Ad Astra REVIEW
Ad Astra REVIEW
Director: James Gray
Starring: Brad Pitt, Tommy Lee Jones, Donald Sutherland
PAT PILCHER tried so hard to like Ad Astra but decided cat videos on YouTube were more interesting than watching a disengaged Brad Pitt
Pitched as a post-millennial film for fans of 2001: A Space Odyssey, Ad Astra is a sci-fi adventure flick from director James Gray that tries so very hard but completely fails to engage the viewer.
In the movie, a “let’s find ET” exercise, the Lima Project, goes wrong. The spaceship (powered by an antimatter drive) vanishes, only to be rediscovered much later in Neptune’s rings (at least it wasn’t in Uranus!)
Enter stage left, Brad Pitt, who plays an astronaut whose dad (Tommy Lee Jones) is aboard the missing spacecraft. Things kick off with mysterious power surges that almost kill Pitt. He then finds out that daddy is in deep space and the space agency people want him to bring daddy home.
I cringed at this as it’d never happen in real life for obvious reasons. Getting someone who’d be too emotionally involved to take part in such a risky mission would be a complete no-go in the real world, but hey, it’s Hollywood.
“Circumcision with a blunt bottle top is more of an entertaining option”
Fast forward through a pile of mostly dull set pieces that are punctuated by a few exciting bits. Eventually, Pitt is off on a trip into deep space to be reunited with daddy. Cue the montage. Yep, it is that formulaic. Which is why circumcision with a blunt bottle top is more of an entertaining option than watching this movie.
The film itself offers up some great visuals and really does seem to capture the look and feel of what I’d imagine spaceflight would be like if it were available to plebs like you and I. Unfortunately, Pitt’s acting is about as engaging as a clothes peg. As he is pretty much the only character you’ll see throughout much of the movie, there really isn’t a lot to give a shit about. (Unless seeing Brad Pitt sulk is your thing. Hey, we’re not judging you, honestly).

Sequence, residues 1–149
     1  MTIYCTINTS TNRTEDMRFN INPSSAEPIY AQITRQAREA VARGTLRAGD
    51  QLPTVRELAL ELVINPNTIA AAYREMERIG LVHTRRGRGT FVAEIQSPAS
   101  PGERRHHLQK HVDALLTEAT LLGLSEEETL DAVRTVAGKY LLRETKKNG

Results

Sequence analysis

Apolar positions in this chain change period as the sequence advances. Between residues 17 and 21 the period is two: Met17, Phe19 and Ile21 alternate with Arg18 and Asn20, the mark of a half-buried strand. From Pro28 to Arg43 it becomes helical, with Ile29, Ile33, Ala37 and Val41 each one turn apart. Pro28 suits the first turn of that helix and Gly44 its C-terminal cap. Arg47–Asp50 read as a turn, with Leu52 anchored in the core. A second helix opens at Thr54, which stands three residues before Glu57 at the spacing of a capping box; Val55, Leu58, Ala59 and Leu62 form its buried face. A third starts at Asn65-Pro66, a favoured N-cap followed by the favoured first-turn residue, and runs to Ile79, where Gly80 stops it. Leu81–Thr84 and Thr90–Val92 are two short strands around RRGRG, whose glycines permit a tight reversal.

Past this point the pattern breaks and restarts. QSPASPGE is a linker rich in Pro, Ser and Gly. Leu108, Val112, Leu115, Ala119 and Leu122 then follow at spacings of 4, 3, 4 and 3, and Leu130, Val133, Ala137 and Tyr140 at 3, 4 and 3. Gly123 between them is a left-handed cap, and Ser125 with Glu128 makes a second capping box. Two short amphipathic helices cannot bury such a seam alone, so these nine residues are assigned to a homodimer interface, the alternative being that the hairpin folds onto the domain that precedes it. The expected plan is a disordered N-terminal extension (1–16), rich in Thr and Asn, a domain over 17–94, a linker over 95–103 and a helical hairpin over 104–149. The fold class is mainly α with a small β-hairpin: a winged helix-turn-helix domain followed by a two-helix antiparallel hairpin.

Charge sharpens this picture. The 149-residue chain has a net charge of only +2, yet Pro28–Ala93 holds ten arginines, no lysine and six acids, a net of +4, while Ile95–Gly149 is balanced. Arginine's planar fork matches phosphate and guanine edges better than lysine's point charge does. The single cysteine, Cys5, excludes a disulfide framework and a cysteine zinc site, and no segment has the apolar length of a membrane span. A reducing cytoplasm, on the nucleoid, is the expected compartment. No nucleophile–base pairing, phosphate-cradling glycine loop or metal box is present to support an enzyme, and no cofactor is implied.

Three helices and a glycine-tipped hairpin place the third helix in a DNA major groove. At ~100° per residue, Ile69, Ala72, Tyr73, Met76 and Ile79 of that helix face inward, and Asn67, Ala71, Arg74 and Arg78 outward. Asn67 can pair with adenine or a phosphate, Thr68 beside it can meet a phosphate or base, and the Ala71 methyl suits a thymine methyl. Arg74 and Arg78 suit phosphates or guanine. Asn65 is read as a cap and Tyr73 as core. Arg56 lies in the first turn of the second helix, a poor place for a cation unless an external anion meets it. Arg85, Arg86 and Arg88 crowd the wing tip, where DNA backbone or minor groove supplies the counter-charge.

“Unfortunately, Pitt’s acting is about as engaging as a clothes peg.”
Pitt’s character seems to be made of ice. From falling out of the stratosphere to earth at the start, his pulse rate doesn’t break 80bpm (I’d need a change of pants if that was me). The opening scenes where he is knocked from an improbably tall tower look fantastic. My pulse, however, was going full tilt as Pitt plummeted earthwards. I also marvelled at the spaceflight sequences.
Crucially, I took in little of the actual plot for the rest of the movie as it failed to make much of an impact. Ad Astra simply lurched through a series of predictable set pieces and culminated with what was at best a deeply dull ending.
If you’ve seen other sci-fi movies such as Solaris or Gravity, you’ll appreciate the realism of the spaceflight stuff. That is if you’re not lulled to sleep on the journey.
You’d think that there’d be moments of emotional angst and so on, given the family ties and a long lost dad. But nope, Pitt sulks at the camera, remaining cold and detached. All told, he is hard to relate to. Within the first 30 minutes of watching it, I started not to give a shit about how it finished. I just wanted it to end so I could do something exciting like mow the lawn or do a DIY cranial lobotomy with rusty knitting needles.
“Within the first 30 minutes of watching it, I started not to give a shit about how it finished”
The space flight stuff was polished and looked plausible. Yet there were moments when it also paid not to think too hard. One such scene such was Pitt’s encounter with lunar pirates. These appeared for few other reasons than to recreate Steve Mcqueen’s Bullit car chase on the moon, complete with impossible-looking moon buggy space leaps. Another thing that bugged me was the lunar buggies. They looked like relics from the Apollo era, which would have been at least 80 years before the events of the movie were set. I guess Hollywood has to appease kids with the attention span of goldfishes. Oh well.
With its spaceflight eye candy, the movie does an admirable job. Sadly, the rest of the film feels stunted and disjointed. A little more polish with the storytelling and perhaps a different lead actor, and Ad Astra might have been worth the effort.
As it stands, wait till this stinker is on Netflix or JB Hi-Fi’s bargain bin before watching. It doesn’t warrant paying stupidly high cinema ticket prices for.
* Ad Astra is screening now in New Zealand cinemas.